The end of October marks our Ghost Dinner series at Accomac Inn. Read more about the dinner here. The Harrisburg Ghost Hunters will be discussing their ghostly findings from their nights at the Inn and hopefully catching some paranormal activity on video through the live camera feeds that will be set up during dinner!
Accomac Inn has many ghost stories, but none more chilling than the many sightings associated with the murder of Emily Myers by John Coyle Jr., the son of the 1881 owner, John Coyle Sr.
Here is the story:
On July 5, 1864, the Accomac property was purchased by John Coyle Sr. It was during his ownership that a tragic event took place at the Inn. Early in the morning on May 30, 1882, Emily Myers, a hired girl, was in the barn milking cows when 29 year old John Coyle Jr. entered the barn to once again ask Emily for her hand in marriage. Emily had rejected Johnny’s advances many times before and asked Johnny to please let her be. Johnny was not a bright boy; but although he had a quick temper, he was considered a considerate and gentile fellow. His attentions were spurned by Emily; and in a fit of frustration, he drew a pistol and shot Emily dead some fifty feet north of the Inn.
Johnny’s trial caused quite a stir at the time. There was little sympathy for Johnny in spite of his stated affliction of a “weak mind.” After a ten day search for Johnny, who had run to the hills, he was found and brought for arraignment on October 19th, where on advice of his attorney pleaded “not guilty” to this onerous crime. Johnny’s trial was front page news, with reports of witnesses called, rebuttals and statements of attorneys. It was to no one’s surprise that the verdict was “guilty of murder in the first degree.” Feelings ran high in the community against Johnny Coyle for his seemingly cold-blooded murder of Emily. So when Johnny appealed this verdict to the Pennsylvania Supreme Court in 1882, the case was ordered retried. His attorneys asked for a change of venue to Gettysburg, Adams County.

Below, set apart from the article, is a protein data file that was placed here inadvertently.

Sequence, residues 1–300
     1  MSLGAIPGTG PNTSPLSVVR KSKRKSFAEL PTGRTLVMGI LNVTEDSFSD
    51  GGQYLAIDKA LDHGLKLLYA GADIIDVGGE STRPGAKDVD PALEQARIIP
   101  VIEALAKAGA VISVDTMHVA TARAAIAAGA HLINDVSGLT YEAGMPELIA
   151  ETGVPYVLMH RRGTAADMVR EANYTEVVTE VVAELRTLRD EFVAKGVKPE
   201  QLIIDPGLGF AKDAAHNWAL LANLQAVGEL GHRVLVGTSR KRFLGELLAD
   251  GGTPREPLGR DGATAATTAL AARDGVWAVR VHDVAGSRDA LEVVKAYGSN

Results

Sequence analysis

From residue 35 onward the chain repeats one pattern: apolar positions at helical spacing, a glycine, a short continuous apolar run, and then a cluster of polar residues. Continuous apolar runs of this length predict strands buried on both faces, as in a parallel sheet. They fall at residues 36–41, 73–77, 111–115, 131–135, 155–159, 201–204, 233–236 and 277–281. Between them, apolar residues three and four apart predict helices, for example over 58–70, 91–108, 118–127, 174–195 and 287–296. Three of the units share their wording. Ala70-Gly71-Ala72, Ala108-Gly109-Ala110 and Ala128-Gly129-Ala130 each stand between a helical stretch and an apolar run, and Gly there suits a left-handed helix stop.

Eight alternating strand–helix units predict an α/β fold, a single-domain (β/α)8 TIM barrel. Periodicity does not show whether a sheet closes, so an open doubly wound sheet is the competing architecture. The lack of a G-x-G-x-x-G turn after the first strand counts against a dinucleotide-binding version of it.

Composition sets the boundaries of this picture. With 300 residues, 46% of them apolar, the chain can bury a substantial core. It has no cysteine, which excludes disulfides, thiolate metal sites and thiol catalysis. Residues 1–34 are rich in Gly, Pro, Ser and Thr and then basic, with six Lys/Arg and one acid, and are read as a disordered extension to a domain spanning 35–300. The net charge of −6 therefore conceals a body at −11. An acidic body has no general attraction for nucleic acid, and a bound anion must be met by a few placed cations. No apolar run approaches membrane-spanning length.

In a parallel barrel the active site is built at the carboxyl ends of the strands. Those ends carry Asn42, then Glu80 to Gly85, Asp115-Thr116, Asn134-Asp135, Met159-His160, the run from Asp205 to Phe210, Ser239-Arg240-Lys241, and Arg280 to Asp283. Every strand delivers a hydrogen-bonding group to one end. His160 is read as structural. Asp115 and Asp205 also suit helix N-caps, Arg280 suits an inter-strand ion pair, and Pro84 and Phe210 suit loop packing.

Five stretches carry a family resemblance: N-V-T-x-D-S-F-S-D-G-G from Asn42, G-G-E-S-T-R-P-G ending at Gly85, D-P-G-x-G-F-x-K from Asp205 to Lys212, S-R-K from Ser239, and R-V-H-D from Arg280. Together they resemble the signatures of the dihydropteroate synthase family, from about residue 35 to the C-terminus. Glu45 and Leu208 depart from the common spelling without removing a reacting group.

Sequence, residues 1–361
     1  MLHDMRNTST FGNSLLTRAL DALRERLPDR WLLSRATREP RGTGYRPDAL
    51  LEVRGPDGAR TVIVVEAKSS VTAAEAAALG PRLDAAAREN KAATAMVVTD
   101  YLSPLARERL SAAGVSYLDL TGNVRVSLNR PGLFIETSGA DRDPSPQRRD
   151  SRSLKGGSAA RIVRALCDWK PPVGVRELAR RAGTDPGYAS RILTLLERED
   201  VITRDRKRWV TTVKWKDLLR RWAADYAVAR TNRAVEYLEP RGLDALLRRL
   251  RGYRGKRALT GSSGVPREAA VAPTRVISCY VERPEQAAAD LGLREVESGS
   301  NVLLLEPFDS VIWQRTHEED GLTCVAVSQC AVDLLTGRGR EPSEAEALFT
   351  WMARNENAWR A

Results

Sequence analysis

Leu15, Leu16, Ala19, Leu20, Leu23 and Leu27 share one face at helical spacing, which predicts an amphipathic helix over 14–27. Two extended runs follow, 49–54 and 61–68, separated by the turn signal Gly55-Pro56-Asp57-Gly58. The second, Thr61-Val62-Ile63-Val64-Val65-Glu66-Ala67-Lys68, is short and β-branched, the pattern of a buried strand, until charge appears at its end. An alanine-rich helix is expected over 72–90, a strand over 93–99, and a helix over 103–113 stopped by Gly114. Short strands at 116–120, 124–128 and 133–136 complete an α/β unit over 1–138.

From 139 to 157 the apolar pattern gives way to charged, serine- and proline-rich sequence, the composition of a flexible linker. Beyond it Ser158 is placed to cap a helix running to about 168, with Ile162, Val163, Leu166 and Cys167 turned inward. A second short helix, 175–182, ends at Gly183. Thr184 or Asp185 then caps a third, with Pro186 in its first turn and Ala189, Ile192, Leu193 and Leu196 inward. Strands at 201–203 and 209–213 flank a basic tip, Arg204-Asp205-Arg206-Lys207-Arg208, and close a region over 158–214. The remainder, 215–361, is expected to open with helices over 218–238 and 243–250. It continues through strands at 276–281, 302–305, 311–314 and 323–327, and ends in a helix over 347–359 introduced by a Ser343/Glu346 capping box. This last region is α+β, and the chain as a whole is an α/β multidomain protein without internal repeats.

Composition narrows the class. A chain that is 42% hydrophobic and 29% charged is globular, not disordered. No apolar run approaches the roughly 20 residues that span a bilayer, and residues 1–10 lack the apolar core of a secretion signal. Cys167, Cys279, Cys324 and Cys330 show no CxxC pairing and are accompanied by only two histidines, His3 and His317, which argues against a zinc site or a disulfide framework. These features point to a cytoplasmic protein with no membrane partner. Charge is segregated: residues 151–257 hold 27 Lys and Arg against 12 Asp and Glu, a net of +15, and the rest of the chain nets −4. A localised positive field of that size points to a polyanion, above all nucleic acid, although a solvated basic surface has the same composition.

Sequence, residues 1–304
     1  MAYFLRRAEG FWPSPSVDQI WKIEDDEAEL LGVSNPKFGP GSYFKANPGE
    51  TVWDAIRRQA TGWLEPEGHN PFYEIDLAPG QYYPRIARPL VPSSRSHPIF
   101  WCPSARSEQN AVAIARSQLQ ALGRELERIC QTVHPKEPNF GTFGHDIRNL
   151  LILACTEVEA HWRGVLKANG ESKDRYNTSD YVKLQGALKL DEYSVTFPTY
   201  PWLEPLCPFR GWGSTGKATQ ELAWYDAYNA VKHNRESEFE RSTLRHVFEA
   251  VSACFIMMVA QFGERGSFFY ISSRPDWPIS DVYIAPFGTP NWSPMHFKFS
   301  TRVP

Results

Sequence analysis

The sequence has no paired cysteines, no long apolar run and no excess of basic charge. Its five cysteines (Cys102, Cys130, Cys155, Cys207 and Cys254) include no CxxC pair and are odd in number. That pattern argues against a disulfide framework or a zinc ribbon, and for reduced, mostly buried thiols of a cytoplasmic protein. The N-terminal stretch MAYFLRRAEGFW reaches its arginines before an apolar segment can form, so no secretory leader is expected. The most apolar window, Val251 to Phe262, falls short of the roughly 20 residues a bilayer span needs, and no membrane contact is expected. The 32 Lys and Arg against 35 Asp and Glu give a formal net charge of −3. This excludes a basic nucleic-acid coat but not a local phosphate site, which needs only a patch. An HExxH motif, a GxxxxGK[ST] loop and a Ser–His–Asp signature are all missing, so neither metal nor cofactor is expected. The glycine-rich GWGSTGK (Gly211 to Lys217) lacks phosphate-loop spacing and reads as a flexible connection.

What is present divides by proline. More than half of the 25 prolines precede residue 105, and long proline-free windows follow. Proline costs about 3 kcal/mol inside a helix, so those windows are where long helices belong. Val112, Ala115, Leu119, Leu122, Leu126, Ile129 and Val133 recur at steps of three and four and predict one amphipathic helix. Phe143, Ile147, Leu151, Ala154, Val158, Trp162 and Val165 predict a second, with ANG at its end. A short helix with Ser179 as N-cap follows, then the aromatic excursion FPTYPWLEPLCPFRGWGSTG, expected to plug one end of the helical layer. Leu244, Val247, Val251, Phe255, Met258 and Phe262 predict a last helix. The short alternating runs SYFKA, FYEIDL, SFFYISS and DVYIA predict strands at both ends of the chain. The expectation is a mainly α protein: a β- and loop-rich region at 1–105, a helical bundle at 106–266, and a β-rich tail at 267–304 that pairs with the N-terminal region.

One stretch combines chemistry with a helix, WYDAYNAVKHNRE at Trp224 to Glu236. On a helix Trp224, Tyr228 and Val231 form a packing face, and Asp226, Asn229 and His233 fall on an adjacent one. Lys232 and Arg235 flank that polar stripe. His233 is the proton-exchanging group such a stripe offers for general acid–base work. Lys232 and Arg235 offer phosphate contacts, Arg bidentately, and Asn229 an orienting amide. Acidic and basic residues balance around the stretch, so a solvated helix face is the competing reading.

The court room was crowded on March 5, 1883, when the jury, after three hours of deliberation, returned its verdict of “guilty of murder in the first degree.” In spite of repeated attempts to appeal the decision, Johnny was hanged in Gettysburg; and his mother claimed the body and transported it by wagon from the Gettysburg jail to York to the Inn, where he lies buried about 50 feet south of the Inn in a grave marked with a stone marker. This murder and its two trials were sensational events at the time, spanning a period of three years from 1881 to 1883.
Learn more at our dinners on October 27th, 28th and 29th!
Also, check out this article on PennLive.com entitled,“Visit these haunted inns and restaurants for a Halloween thrill.”